Amber – University of Hertfordshire graduate and 2017 Think Ahead participant

I worked in the City as a head hunter for banks but I didn’t find this fulfilling.

Jan University of Edinburgh graduate

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After studying Ancient History at university, I worked in the City as a head hunter for banks but I didn’t find this fulfilling. My second job was working with young people with learning difficulties, which I really enjoyed.

While I was there, I met a social worker who I found really inspiring. That was when I decided to go back into education to study Psychology. When I graduated, I applied for the Think Ahead programme because it offered the perfect opportunity to study for an MA while also being paid to work in mental health social work.

Being on the programme has given me the opportunity to work with people who have a wide range of mental health problems. The Think Ahead programme has given me a deeper understanding of the impact that mental health can have on both the individual and the people who care for them. I’ve also gained insight into the impact of housing, benefits, poverty and deprivation on people’s mental health, and the plight of some people in London.

What makes this programme stand out is that you are training with like-minded people who all want to achieve the same goals.

We are all driven by the desire to work in this sector and, if possible, help improve existing services for the benefit of our clients, utilising fresh ideas and new ways of working. Overall, we hope to have a lasting impact.

It is exciting to think that the work we are doing isn’t just confined to our team or even our region; it is happening all over England.

Jan – University of Edinburgh graduate and 2017 Think Ahead participant

I get a lot of satisfaction from my work and seeing people’s situations improve.

Matthew University of Kent graduate

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I was drawn to the Think Ahead programme following my degree in Psychology but also because of my own experience of mental health problems. I had first-hand experience of the important role professionals played in my own recovery from severe depression and the continued management of my bipolar disorder.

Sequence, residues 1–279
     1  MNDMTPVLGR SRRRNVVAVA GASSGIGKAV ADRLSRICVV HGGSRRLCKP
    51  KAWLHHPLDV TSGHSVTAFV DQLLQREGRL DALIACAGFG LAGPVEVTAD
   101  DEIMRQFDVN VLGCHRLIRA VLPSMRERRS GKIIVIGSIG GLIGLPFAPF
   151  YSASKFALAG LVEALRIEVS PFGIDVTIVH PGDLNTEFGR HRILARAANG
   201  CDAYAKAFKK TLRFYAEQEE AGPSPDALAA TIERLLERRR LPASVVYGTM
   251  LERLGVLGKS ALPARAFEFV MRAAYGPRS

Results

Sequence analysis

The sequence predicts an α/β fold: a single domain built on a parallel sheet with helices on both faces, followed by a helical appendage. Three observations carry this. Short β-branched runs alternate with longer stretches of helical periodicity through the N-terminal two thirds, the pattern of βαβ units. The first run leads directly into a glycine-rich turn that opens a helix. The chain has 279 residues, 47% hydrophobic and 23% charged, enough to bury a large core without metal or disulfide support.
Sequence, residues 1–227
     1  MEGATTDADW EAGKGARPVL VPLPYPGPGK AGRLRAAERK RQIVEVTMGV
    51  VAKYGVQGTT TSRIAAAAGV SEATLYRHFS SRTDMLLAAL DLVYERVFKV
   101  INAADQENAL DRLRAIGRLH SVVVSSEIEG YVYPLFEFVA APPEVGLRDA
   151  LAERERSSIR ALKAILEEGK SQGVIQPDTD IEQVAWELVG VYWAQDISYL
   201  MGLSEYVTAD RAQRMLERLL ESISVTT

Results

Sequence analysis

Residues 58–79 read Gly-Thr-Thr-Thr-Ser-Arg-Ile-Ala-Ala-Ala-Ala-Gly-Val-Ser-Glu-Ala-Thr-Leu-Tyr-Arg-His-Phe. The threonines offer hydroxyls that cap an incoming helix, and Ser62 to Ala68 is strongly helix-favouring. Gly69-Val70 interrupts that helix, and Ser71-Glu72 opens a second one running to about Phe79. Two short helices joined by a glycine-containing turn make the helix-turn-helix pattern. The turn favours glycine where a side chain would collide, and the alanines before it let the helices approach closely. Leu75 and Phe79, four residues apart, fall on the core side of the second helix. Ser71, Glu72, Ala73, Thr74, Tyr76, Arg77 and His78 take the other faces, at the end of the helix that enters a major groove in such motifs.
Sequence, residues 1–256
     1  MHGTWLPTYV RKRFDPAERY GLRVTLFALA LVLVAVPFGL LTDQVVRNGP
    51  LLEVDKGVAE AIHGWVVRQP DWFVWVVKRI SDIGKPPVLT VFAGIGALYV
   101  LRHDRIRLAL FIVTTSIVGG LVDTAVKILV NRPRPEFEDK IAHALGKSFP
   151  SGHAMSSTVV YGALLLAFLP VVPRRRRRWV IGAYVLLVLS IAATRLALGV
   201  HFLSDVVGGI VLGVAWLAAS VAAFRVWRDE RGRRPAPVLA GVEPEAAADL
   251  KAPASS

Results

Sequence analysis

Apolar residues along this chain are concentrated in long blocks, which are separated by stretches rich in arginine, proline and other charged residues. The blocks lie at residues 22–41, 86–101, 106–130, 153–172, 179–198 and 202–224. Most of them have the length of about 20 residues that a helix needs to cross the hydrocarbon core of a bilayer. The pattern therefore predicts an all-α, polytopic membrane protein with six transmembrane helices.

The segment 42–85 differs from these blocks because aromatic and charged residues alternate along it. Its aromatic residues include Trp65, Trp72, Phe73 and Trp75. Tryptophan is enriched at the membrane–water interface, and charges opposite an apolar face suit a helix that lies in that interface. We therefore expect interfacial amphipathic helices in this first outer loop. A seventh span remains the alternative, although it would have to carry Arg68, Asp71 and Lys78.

What I’ve enjoyed most on the programme is being able to build relationships with the people I work with, offering practical and emotional support. I get a lot of satisfaction from my work and seeing people’s situations improve. I can’t make a person change, they must want to do this themselves, but it does feel good to be part of that change; it’s what motivates me in this job.

I think mental health social work is really important because it offers a more holistic approach to people’s mental health problems. When I work with someone I can see the whole picture, rather than being focussed on just the medical or psychiatric aspects of their recovery. A person’s mental health is affected by the relationships in their life, and their socio-economic situation. My role is to try and address these types of issues.

I would definitely recommend the Think Ahead programme to people who want to get into the mental health sector. I’ve been given great support on the job, in my studies and from the other people on the programme who are really inspiring.

Matthew – University of Kent graduate and 2017 Think Ahead participant

I really enjoy mental health social work because it requires heart as well as brains.

Rebecca University of Cambridge graduate

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My interest in mental health was sparked early on: when I was a teenager I received support from Child and Adolescent Mental Health Services (CAMHS) for an eating disorder. I was very well supported, but I know that’s not the case for everyone.